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Lenten Devotions from Fourth Presbyterian Church

Tuesday, January 21, 2020  

Today’s Scripture Reading | 1 Corinthians 1:1–9

Paul, called to be an apostle of Christ Jesus by the will of God, and our brother Sosthenes, To the church of God that is in Corinth, to those who are sanctified in Christ Jesus, called to be saints, together with all those who in every place call on the name of our Lord Jesus Christ, both their Lord and ours: Grace to you and peace from God our Father and the Lord Jesus Christ. I give thanks to my God always for you because of the grace of God that has been given you in Christ Jesus, for in every way you have been enriched in him, in speech and knowledge of every kind— just as the testimony of Christ has been strengthened among you— so that you are not lacking in any spiritual gift as you wait for the revealing of our Lord Jesus Christ. He will also strengthen you to the end, so that you may be blameless on the day of our Lord Jesus Christ. God is faithful; by him you were called into the fellowship of his Son, Jesus Christ our Lord. (NRSV)

Reflection
When communicating across cultures, first impressions are crucial. And it often begins with something as simple as a greeting. When I was living in West Africa among Hausa-speaking peoples, I was often struck by the ornate and complex ways in which the Hausa welcomed one another. Each person would regale the other by asking a long series of questions including, How are you? How is your family? How is your work? How is your tiredness? As these questions are posed and answered, each person present is reminded of what is most vital in their lives as well as their common humanity.

Paul used greetings in a similarly instructive way. In this classic “grace and peace” opening to his letter, Paul reminds the Corinthian community of some essential truths of their spiritual connections. He addresses them in communal words like “church of God” and “saints,” when today we might desire to be addressed as “congregations” or “individuals.” But Paul chooses these words carefully to rekindle our memories of that broader community of those following God among whom we sit. As Dr. Martin Luther King Jr. might put it, there is a single garment of destiny that blankets the people of God. It is this communal heritage, destiny, and grace that supersedes any other allegiance and is the foundation for every other spiritual gift. The speech and knowledge for which the Corinthian Christians are known does not set them apart from this broader body of Christ. Rather, such gifts enjoin them to the body as Corinthians become instruments that illumine the grace of God for all.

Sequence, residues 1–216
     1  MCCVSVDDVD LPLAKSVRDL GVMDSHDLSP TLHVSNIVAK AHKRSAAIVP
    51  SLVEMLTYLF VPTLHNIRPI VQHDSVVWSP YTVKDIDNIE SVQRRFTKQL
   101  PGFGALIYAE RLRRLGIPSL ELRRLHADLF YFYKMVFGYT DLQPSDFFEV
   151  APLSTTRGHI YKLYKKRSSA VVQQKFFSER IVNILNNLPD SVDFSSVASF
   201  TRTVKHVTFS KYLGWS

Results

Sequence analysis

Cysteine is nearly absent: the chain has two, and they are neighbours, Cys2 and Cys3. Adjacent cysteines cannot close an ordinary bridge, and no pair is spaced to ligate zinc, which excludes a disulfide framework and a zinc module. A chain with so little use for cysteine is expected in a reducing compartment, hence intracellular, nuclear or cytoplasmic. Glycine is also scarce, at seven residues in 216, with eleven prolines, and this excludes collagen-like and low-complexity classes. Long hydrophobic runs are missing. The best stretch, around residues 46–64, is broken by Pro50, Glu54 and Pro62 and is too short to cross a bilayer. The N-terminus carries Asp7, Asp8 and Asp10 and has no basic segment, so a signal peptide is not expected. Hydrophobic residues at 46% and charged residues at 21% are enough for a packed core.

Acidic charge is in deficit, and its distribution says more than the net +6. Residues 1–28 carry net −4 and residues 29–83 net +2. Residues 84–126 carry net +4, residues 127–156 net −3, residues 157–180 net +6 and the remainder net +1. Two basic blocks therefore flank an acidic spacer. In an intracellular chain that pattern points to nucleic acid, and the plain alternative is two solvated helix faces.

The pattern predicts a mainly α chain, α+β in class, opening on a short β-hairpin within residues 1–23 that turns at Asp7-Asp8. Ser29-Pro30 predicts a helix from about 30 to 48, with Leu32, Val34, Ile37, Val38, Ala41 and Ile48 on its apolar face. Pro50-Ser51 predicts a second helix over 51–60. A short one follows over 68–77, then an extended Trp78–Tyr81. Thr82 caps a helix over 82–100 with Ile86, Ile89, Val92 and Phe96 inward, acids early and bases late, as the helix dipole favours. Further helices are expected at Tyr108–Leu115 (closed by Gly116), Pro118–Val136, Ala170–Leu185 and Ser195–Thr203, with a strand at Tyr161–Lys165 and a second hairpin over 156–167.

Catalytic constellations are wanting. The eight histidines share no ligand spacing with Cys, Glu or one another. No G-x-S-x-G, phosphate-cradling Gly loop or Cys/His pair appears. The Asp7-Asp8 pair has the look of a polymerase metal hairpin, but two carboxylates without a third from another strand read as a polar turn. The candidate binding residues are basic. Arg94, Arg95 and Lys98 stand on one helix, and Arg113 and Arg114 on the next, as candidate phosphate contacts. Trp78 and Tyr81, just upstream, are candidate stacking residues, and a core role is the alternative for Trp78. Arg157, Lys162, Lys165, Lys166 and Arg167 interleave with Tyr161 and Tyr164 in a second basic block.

Often in our society we are asked to appraise our gifts. We have inventories and assessments that help us give an account of the skills, personality, and talents that make us unique. Paul’s words turn those appraisals toward our common identity. What truly makes us special is our unique ability to contribute, by God’s grace, to the health and well-being of the whole.

Prayer
Holy God, Source of all good, we give thanks for the grace of being in community. Help us share every gift we have toward its flourishing. Amen.

Written by Joseph L. Morrow, Minister for Evangelism


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